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Title: A disorder of ki : alternative treatments for neurasthenia in Japan, 1890-1945
Author: Wu, Yu-Chuan
Awarding Body: UCL (University College London)
Current Institution: University College London (University of London)
Date of Award: 2012
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Abstract:
This thesis studies some of the most popular alternative treatments for neurasthenia in Japan in the period of 1890 to 1945, including breathing exercise, quiet-sitting, hypnotism-derived mental therapy and Morita therapy. Neurasthenia, with its supposed relation to modern civilization, was a widely used and preferred disease label in Japan. As the official Western medicine failed to provide satisfactory solutions to this obstinate and debilitating disease, a variety of alternative treatments were invented or reinvented and some of them became very popular. Concerning the popularity and effectiveness of these treatments, this thesis argues that they provided contemporary Japanese, who had been experiencing rapid and dramatic change to lifestyle, culture and society, with models by which they could perceive, conceive and strengthen their neurological, circulatory and psychological systems by their analogy to ki. Known as a nervous disorder, neurasthenia was also perceived and understood as a disorder of ki, with insufficiency, stagnation, obstruction and turbulence still thought to be the major faults. Through undergoing and practicing these treatments, Japanese neurasthenic patients could control and invigorate the flow of nervous currents, blood and ideas as they previously cultivated ki. This thesis also investigates these treatments in the context of Japanese nationalism. Their advocates often claimed that they were embedded in traditional Japanese culture and hence particularly effective for Japanese patients. Returning to traditional lifestyle and culture was regarded by them as a cure for neurasthenia, which they thought was a disease of ‘de-Japanization’. Furthermore, they founded a large number of groups and organizations for the practice and promotion of these treatments, which were in many ways like traditional extended families and provided patients with a much-needed sense of security and belonging. These treatments were endowed with social and cultural significance, which was also crucial to their therapeutic effectiveness for neurasthenia.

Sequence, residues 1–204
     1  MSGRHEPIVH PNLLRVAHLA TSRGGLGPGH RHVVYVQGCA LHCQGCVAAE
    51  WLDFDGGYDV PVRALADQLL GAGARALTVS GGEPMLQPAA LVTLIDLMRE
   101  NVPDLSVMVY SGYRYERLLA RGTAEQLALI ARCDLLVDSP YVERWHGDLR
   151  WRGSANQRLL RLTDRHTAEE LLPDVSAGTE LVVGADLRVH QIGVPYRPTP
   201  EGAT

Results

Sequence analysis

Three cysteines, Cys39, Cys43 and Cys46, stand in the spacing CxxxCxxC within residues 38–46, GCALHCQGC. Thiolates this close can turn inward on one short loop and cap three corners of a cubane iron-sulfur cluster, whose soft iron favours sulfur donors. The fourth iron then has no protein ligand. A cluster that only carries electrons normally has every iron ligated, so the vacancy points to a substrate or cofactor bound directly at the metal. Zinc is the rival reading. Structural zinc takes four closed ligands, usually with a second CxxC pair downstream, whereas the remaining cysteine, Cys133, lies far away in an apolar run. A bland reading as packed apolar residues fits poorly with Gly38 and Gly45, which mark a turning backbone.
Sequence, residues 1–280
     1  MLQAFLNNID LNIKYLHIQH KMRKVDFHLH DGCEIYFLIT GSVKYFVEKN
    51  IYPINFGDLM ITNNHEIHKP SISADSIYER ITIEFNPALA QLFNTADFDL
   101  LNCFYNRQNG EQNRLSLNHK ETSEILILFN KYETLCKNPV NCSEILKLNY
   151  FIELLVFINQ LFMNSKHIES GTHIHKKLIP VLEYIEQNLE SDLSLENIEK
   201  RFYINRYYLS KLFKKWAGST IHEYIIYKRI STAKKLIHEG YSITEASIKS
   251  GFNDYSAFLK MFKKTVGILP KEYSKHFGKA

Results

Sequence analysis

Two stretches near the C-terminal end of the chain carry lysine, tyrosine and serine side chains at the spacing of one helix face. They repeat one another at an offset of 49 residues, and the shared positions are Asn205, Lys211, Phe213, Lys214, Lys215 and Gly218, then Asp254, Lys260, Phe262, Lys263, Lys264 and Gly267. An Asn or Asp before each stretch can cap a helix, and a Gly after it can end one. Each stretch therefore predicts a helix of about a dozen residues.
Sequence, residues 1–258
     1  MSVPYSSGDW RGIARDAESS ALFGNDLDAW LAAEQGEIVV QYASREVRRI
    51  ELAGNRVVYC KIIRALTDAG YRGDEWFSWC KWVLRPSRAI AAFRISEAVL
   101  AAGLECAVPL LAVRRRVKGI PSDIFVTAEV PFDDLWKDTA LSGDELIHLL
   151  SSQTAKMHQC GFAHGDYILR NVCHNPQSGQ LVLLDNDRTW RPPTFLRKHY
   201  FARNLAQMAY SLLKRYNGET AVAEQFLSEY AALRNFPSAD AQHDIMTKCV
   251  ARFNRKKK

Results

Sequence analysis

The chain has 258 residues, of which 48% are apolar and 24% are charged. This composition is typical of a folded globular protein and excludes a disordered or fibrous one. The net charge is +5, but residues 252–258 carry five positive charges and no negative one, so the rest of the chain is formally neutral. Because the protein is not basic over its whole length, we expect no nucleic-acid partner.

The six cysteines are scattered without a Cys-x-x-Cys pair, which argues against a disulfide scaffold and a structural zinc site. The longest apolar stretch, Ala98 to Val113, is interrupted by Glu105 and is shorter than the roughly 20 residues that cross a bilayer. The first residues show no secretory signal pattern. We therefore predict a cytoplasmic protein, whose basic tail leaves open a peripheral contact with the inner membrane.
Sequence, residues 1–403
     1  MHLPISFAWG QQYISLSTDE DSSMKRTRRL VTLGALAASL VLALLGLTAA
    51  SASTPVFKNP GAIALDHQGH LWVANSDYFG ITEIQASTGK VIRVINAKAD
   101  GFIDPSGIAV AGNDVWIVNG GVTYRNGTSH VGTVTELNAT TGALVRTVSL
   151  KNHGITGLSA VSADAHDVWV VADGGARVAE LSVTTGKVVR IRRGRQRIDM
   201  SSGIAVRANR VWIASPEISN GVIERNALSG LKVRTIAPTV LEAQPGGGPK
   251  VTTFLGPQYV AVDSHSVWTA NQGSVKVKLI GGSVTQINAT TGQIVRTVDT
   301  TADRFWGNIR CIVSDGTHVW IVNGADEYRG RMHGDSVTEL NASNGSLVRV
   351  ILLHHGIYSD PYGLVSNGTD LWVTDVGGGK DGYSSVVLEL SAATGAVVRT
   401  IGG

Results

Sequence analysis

Supervisor: Not available Sponsor: Not available
Qualification Name: Thesis (Ph.D.) Qualification Level: Doctoral
EThOS ID: uk.bl.ethos.557603  DOI: Not available
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